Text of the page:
Aviva Investors has returned to the UK social housing sector for its second long-dated financing deal in two months, thereby demonstrating the appeal of the sector to insurance company lenders as they seek to offset long-term liabilities.
The London-based insurer announced on 24 August that it had issued a £75 million (€84 million), 30-year private placement – on behalf of the Aviva UK Life annuity business – to UK housing association Settle. The financing will help the group meet its target of delivering at least 1,500 homes across the English counties of Bedfordshire and Hertfordshire by 2024.
In July, Aviva closed a £60 million, 30-year debt facility to another UK housing association, Coastal Housing Group, which manages 6,000 homes across South Wales.
Barry Fowler, managing director, alternative income at Aviva Investors, cited the long-term tenor of the latest transaction – as well as the defensive nature and the environmental, social and governance credentials of affordable housing – as among the reasons for doing the deal.
“Affordable housing is a very defensive, anti-cyclical sector,” Fowler told Real Estate Capital. “It is also a highly regulated sector. The regulator has got a history of being able to step in and sort out problems, such that no losses have occurred.”
The long-term tenor is a good match for the long-term liabilities of Aviva’s investors, he added.
“It’s not particularly easy to find 30-year transactions out there,” said Fowler. “Since the global financial crisis, it has become increasingly difficult for banks to provide those longer-dated facilities as they typically fund themselves on a shorter-dated basis with short-term deposits. Institutional investors, therefore, have stepped into the breach either through bonds or private placements.”
The facility will also help Settle advance in its ESG agenda, which includes the commitment for all properties to meet an energy performance certificate rating of C (with A being the optimum and G the lowest) or higher by 2025.
“Lending to not-for-profit organisations, which provide housing to part of the community that could not otherwise access it, is a strong reason to do the transaction in its own right,” said Fowler. “There is also a clear opportunity for some of these housing associations to target delivery of low-carbon, environmentally friendly homes.”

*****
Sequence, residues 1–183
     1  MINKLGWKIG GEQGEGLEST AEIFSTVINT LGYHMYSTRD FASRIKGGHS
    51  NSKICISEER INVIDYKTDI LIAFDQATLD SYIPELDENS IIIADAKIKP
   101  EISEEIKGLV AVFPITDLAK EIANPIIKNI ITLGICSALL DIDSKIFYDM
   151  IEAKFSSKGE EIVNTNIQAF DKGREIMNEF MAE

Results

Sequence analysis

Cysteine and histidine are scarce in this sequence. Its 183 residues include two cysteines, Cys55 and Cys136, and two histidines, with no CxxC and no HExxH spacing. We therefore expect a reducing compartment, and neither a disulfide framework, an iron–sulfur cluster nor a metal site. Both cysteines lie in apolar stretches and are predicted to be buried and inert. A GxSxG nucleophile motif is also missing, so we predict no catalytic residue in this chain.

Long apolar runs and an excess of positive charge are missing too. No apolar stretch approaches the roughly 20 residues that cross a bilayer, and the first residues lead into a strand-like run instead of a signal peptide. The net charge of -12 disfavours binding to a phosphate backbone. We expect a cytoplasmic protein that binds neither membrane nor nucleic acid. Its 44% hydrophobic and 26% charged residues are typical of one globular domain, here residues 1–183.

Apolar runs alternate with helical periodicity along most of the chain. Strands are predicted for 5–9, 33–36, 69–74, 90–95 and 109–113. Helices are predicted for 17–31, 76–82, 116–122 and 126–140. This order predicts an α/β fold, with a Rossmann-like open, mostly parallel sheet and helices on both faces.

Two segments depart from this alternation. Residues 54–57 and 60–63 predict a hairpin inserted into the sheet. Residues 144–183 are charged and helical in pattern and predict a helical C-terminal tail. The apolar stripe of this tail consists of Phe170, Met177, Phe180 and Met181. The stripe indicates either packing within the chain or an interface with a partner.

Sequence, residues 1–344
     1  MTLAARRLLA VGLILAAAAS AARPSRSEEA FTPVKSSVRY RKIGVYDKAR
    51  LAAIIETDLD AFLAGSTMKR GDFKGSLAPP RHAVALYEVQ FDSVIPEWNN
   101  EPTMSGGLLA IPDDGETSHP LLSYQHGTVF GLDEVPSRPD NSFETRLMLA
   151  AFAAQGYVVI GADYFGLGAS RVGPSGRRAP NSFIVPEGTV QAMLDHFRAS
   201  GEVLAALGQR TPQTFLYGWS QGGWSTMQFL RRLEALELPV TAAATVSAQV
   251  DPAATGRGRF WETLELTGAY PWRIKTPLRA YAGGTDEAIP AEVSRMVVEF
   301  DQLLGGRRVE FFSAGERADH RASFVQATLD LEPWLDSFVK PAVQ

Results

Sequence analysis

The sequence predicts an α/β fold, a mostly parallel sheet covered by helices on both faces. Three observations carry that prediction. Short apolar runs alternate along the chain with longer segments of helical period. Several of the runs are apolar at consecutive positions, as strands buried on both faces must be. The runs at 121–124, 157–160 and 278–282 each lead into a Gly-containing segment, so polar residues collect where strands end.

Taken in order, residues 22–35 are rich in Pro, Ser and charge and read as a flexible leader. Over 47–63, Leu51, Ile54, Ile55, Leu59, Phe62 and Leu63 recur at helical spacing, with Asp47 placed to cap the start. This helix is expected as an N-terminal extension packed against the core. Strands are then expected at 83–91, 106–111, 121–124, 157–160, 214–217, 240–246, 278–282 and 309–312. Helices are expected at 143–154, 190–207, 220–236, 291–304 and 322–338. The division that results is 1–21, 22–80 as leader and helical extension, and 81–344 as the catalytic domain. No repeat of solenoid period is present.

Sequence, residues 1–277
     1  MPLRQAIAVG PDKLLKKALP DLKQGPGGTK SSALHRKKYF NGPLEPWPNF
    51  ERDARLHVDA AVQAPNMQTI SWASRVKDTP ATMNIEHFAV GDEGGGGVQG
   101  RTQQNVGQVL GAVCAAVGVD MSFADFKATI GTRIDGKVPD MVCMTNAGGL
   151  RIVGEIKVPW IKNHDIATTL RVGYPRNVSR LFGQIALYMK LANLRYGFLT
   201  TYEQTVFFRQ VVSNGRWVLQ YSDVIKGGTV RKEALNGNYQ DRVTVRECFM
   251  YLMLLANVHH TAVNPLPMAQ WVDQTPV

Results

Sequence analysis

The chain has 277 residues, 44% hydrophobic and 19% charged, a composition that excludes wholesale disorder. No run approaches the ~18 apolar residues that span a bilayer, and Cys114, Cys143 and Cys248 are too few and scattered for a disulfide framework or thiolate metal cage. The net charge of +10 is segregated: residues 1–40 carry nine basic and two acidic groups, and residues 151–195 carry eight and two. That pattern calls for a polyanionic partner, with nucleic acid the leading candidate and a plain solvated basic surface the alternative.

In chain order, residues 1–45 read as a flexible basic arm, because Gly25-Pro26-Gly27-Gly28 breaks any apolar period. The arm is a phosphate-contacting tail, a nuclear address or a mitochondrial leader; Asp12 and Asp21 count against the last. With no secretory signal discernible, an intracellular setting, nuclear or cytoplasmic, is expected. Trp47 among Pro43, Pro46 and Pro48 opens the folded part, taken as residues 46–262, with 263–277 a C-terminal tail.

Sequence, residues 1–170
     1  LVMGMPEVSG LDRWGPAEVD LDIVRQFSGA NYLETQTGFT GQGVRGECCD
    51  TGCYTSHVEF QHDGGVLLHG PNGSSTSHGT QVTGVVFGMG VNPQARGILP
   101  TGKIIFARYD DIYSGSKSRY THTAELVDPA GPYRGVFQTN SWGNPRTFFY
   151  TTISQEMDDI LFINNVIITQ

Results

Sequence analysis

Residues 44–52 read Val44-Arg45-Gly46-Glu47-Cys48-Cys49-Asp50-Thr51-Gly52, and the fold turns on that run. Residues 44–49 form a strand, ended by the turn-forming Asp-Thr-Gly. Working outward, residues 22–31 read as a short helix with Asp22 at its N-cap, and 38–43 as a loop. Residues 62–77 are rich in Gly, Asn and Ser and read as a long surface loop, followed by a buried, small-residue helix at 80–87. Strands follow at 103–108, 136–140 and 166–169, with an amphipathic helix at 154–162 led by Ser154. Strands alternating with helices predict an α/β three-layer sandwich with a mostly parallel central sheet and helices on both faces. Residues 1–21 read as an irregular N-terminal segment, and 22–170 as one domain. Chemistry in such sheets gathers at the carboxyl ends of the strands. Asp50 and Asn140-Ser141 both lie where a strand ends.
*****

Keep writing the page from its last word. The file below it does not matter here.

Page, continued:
Fowler added that the private placement was priced at a margin over gilt yields. “On this occasion, we found there to be a nice tie-up between pricing that was very attractive to the borrower and the issuer, and that also works for our investors,” he said.
The facility includes two deferred funding tranches at 12 and 24 months, allowing Settle to draw down capital when required. Fowler added: “It’s attractive to borrowers if we can stagger the drawdown of the loans to suit their cashflows.”
Legal & General Investment Management is also among the UK insurance company lenders that have provided finance to the housing association providers of social and affordable residential stock in the country.
In June, LGIM’s real assets division provided a £100 million, 40-year loan to Bromford Housing Group to support its delivery of affordable homes in southern England.
“Social and affordable housing is a good asset for our pension funds,” Steve Bolton, LGIM’s head of private corporate debt for Europe, told Real Estate Capital at the time. “It is long-term and delivers real social value.”
In March, the UK government announced its Planning for the Future proposal to deliver 300,000 new homes each year in England by the mid-2020s. However, real estate consultancy Savills warned in a report published on 29 June that this target was at risk due to covid-19’s impact on the economy and on the practicality of building new homes.
“Whether this target is reached will depend on the support for private new build sales, the level of affordable housing delivery and the growth in the build-to-rent sector,” said Lucy Greenwood, director, residential research and consultancy, at Savills.